Editorial: B.C.’s bail failure on violent offenders shows need for federal reform

Under the current system, Mr. Woodburn said, prosecutors can ask their police investigator to ask their colleague at their department to query the national police database to see if the accused have any outstanding charges or warrants in other provinces. But police often take months to upload this new information to their database – meaning a person’s recent history in another province can effectively be erased for a Crown tasked with prosecuting their bail hearing, according to Mr. Woodburn, who works in Halifax.

If a warrant does show up, for instance, then a prosecutor must phone up the police agency in charge of that file or the provincial Crown branch to get a fuller picture of that person’s criminal record in that other province, he said.

All this digging takes time.

“Under the Criminal Code, we can put it over for three days – that person is sitting there when you’re running with what is essentially a hunch – when all I would have to do with this new system is pop their name in there with their date of birth, boom, I’d have all that information,” Mr. Woodburn said.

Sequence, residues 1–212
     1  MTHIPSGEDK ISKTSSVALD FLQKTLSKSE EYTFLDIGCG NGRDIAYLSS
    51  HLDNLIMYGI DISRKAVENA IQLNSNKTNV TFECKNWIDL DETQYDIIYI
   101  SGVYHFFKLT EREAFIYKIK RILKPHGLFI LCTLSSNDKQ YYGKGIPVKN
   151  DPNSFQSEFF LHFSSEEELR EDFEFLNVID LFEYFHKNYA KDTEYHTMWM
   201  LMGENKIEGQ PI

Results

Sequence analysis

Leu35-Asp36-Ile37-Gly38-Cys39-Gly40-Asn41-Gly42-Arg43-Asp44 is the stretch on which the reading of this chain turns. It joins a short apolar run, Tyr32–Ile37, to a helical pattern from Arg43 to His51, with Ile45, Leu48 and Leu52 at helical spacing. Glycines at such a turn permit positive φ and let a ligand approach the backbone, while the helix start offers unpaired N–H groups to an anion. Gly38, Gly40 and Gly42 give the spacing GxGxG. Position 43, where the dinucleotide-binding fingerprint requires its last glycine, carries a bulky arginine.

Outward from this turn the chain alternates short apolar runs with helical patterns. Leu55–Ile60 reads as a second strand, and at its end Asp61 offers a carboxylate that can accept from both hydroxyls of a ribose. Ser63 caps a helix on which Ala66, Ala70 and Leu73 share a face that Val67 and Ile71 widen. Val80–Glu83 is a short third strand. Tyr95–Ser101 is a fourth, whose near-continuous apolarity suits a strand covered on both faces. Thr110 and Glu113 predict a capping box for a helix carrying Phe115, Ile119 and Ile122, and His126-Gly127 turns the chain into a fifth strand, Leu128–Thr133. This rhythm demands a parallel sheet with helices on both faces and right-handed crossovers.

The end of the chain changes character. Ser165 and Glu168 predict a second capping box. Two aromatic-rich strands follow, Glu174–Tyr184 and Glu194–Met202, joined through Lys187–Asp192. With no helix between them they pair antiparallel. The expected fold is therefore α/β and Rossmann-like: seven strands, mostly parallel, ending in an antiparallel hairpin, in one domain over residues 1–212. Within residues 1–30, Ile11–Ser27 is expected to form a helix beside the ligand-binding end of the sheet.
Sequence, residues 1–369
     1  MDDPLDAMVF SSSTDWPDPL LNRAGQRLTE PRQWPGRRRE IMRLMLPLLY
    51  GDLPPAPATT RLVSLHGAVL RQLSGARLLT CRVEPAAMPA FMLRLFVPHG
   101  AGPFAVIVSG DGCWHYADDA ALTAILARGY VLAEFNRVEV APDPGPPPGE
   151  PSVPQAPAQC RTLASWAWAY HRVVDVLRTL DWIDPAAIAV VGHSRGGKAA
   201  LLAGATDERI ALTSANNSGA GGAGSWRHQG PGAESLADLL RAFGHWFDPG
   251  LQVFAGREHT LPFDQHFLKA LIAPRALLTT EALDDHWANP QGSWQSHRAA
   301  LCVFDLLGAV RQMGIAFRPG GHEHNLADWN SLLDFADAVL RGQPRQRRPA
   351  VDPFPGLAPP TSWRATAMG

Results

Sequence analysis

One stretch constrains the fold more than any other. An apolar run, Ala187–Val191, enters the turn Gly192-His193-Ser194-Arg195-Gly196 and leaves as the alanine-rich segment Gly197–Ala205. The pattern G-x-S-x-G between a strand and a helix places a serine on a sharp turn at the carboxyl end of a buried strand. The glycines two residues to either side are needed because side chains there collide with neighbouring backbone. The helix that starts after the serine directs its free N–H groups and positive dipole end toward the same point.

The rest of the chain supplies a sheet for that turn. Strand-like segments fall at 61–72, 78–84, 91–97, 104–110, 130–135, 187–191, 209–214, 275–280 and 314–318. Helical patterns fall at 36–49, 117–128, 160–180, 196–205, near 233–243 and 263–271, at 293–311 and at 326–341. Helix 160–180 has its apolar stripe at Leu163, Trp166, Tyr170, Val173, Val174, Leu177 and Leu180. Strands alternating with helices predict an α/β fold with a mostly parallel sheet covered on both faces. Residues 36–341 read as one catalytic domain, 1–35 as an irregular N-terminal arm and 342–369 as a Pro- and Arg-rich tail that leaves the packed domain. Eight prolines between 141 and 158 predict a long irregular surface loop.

Mr. Dalrymple said this lack of accessible data is especially troublesome when someone gets arrested and charged in the evening or on the weekend. In Vancouver, for example, 30 people may be sitting in the downtown jail awaiting bail on a Saturday, but a phone call for more information about another outstanding case in another province won’t be returned by their prosecutor until the next work day, he said.

Section 11 of the Charter of Rights and Freedoms states that those charged with an offence have the right not to be denied reasonable bail without just cause. A 2017 Supreme Court of Canada judgment found the provision “an essential element of an enlightened criminal justice system” that safeguards the liberty of accused persons.

Ottawa has faced intense criticism over the past year from premiers for its 2019 amendment to the Canadian Criminal Code to codify a “principle of restraint” that emphasized the release of detainees at the earliest reasonable opportunity and on the least onerous conditions. The premiers have argued this change has led to dangerous offenders too often being released back into the community to hurt strangers while out on bail, a debate that was supercharged after the December killing of Ontario Provincial Police Constable Grzegorz Pierzchala near Hagersville.

Last month, Mr. Lametti introduced legislation to make it harder for repeat violent offenders to be released on bail by putting the onus on certain accused people to show why they should be granted bail, rather than require the prosecution to justify why they shouldn’t. Known as a reverse onus, the measure already applies to certain firearms offences.

Follow related authors and topics

Authors and topics you follow will be added to your personal news feed in Following.

Interact with The Globe